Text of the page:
It matters not what kind of system you have where power is concerned you have the possibility of dishonesty, theft and corruption. By the use of the word “power” this can imply political power, power over money, religious authority, business leadership and other avenues. Wherever power is involved, the misuse of power under our current principles of organization are a common occurrence. Now Mises himself recognized this problem and stated that even a strict gold system is not immune from problems of corrupt people misusing and manipulating it.
Now, if the Molecular Relationship were applied to organizations where people have a stewardship over power of any kind then the misuse of power would go down dramatically because the leadership can be challenged and replaced at any time. On the other hand, the best of all possible systems is still no guarantee that there will not be problems.
You recall the scriptures give the story of the War in Heaven where Satan challenged God and wanted to take his place. The majority, two thirds supported God and Satan was rejected. Instead of accepting the vote he and his supporters rebelled. Because they were no longer Molecular they had to be separated from the body or the body would die so they were thrown out of heaven into the earth. In the higher spheres the Molecular Order is thus still maintained and available for linkup to those on the earth.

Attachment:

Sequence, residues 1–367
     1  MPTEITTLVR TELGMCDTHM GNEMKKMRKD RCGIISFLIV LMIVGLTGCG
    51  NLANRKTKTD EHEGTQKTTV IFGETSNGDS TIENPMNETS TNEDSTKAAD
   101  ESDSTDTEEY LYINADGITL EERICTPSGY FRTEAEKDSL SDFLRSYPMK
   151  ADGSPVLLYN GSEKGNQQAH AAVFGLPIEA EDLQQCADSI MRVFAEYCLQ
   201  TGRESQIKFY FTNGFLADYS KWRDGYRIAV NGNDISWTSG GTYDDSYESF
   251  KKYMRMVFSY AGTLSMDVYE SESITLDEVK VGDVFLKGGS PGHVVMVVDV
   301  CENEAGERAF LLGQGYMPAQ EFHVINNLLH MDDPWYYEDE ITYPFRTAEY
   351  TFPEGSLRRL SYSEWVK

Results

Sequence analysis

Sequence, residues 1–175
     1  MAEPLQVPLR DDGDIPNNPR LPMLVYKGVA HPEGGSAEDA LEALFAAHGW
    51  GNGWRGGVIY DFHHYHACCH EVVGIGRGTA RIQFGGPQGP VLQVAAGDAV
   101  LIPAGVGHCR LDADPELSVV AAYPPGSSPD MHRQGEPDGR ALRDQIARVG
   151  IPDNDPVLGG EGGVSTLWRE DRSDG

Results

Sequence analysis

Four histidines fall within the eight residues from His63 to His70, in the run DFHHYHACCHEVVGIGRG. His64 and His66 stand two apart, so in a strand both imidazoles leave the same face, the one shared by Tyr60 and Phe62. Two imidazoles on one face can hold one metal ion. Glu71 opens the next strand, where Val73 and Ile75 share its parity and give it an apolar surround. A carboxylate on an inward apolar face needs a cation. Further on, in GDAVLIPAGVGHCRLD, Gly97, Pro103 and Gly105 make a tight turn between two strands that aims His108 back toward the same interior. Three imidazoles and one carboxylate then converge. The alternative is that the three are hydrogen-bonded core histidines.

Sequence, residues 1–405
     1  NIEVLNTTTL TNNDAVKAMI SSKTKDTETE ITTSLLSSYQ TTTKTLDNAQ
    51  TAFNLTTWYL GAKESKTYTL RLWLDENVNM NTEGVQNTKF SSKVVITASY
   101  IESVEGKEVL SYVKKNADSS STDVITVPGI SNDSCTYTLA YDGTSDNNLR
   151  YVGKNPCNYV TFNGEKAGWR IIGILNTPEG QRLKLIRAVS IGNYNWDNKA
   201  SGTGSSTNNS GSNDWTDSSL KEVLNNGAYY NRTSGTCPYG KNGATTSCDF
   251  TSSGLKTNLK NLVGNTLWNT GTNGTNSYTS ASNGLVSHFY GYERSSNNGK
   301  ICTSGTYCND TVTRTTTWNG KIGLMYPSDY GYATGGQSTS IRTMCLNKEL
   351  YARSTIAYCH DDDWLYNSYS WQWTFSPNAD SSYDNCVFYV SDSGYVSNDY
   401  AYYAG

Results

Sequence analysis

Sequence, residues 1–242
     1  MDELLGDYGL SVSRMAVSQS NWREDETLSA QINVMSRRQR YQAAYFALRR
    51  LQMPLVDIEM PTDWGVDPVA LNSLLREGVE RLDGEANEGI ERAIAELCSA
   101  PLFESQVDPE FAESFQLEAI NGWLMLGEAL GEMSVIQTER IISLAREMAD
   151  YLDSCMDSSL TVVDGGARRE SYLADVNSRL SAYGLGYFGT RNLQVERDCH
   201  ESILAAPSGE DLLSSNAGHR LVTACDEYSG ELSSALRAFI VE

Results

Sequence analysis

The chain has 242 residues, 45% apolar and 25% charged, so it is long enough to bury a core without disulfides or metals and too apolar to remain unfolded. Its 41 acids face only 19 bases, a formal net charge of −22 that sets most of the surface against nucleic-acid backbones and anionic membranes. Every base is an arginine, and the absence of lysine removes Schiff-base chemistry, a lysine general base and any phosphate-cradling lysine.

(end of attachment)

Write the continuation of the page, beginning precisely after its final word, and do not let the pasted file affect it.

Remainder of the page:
If therefore the Molecular Order governed those who have power over our money we would have economic stability for long periods of time, perhaps thousands of years without a rebellion as happened in heaven. In this situation a money system could be created backed by a commodity or labor which could be stable.
Now we can’t just snap our fingers and change the status quo to the Molecular Relationship so we have to look at what should be done right now within the system which is not being done now.
Several laws can be passed which, if followed, could improve our current economic system.
- A law requiring a balanced budget, except in times of national emergency.